Cancer ranks right up there with "hunger" as one of humanity's oldest enemies. And, on top of building out 3D chips powered by electronic blood and other bits of science-fiction craziness, IBM researchers have developed new diagnostic tests to help spot cancer in biopsies.
Typically, a biopsy involves cutting out a test piece of tissue from a person and running tests to check for the presence of cancerous cells or proto-oncogenes, which can be an early warning sign of high cancer risk. These tests use different chemicals which are absorbed by the cells along different metabolic pathways, allowing them to distinguish healthy cells, which process glucose and nutrients properly, and cancerous cells, which operate a little differently.
As you might suspect though, biopsies taken from organs like the brain or heart are dangerous, and scientists are severely limited in the quantity of cells they can gather before they risk severe damage to the patient. IBM's new technology uses microfluidics which reduces the surface area required to an area just a smidge larger than the width of a human hair.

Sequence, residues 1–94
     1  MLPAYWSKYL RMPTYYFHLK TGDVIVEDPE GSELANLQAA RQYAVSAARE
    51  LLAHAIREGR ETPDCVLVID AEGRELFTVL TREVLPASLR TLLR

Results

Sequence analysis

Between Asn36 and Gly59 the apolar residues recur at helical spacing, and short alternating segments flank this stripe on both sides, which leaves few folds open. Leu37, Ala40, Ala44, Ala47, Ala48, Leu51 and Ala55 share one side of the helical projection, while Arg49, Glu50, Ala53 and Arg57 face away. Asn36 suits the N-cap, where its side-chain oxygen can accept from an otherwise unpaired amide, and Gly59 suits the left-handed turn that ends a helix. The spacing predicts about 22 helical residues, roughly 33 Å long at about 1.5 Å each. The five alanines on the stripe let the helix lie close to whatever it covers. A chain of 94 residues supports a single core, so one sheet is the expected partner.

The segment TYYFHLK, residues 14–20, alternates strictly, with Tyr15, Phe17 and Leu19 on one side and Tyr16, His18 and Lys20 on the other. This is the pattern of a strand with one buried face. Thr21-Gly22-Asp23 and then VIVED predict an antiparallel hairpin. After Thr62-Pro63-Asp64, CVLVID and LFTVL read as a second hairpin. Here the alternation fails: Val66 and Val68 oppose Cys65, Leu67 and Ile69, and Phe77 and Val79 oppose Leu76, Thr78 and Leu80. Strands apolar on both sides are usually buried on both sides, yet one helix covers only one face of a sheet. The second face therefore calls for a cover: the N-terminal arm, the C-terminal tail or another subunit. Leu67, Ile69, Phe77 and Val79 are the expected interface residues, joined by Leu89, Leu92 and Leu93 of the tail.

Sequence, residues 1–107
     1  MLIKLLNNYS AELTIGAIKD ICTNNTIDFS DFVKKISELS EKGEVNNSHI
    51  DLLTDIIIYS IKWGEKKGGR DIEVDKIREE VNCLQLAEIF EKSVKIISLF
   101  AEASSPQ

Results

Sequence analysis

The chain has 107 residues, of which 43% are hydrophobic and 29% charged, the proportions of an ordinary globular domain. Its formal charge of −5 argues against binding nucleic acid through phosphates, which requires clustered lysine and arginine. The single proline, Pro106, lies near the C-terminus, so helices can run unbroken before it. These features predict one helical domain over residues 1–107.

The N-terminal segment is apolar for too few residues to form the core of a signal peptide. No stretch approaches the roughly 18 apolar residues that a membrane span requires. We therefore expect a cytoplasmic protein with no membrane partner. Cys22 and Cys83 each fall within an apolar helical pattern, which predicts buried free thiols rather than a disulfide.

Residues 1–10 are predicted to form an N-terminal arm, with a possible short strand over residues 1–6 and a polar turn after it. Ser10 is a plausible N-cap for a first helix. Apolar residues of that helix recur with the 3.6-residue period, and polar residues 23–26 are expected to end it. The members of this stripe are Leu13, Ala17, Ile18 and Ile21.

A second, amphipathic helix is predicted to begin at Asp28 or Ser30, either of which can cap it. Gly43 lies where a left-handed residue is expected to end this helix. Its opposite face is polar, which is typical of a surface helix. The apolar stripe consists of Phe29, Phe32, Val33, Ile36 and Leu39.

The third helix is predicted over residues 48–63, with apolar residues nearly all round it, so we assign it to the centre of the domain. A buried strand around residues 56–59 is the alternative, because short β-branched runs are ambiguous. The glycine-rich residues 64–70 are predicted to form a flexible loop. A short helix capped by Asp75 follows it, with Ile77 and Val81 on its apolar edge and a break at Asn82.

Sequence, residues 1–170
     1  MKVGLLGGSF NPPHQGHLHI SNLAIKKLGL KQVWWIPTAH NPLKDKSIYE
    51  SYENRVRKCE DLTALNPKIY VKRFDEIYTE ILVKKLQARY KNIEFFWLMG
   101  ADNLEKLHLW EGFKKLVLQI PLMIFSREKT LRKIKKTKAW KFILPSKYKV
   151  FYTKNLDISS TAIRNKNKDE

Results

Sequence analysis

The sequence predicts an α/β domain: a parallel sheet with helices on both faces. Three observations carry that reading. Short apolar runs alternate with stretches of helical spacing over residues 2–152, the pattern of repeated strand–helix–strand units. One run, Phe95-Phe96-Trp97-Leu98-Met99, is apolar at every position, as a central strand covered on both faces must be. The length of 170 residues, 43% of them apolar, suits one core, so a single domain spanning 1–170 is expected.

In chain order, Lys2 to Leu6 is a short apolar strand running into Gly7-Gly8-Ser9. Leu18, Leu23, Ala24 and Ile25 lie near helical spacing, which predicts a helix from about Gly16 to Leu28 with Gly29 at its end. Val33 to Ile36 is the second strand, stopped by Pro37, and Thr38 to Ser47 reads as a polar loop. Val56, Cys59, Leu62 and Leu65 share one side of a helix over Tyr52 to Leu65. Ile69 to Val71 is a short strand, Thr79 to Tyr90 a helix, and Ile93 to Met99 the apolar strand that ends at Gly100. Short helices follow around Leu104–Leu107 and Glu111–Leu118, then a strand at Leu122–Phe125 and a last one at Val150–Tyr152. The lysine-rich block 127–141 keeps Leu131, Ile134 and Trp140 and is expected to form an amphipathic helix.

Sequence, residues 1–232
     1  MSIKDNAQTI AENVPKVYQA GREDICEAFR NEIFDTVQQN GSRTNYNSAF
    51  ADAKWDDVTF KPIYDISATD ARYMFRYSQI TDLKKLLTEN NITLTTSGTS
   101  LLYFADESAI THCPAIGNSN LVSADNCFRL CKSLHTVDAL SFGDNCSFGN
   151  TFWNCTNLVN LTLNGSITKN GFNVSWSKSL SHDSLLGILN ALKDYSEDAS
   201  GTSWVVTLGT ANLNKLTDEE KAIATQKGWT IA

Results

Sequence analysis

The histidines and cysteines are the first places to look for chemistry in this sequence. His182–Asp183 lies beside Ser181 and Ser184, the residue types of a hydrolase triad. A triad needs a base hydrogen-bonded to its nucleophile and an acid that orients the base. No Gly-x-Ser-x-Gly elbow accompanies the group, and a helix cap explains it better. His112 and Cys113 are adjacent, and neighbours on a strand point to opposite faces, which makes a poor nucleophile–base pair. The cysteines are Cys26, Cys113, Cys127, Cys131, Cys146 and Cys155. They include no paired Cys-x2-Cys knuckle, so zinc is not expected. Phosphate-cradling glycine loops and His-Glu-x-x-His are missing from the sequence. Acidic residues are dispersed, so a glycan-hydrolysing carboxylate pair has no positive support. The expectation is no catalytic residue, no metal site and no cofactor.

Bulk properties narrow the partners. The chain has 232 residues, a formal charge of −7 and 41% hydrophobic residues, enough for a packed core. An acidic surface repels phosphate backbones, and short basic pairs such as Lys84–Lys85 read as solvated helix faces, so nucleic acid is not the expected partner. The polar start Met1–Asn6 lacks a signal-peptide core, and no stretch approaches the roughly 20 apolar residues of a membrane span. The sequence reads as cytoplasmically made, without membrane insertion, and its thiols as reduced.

With the more efficient use of space, not only will less tissue need to be collected from patients, but the accuracy of those tests is also expected to improve as more runs can be performed on the same surface area – reducing the chance of mistakes.
CNET has the full story, as well as some really spectacular pictures of the device in action, but it's just one more example of new ways technology can, hopefully, be used to improve lives and help people get treatment for one of the deadliest diseases.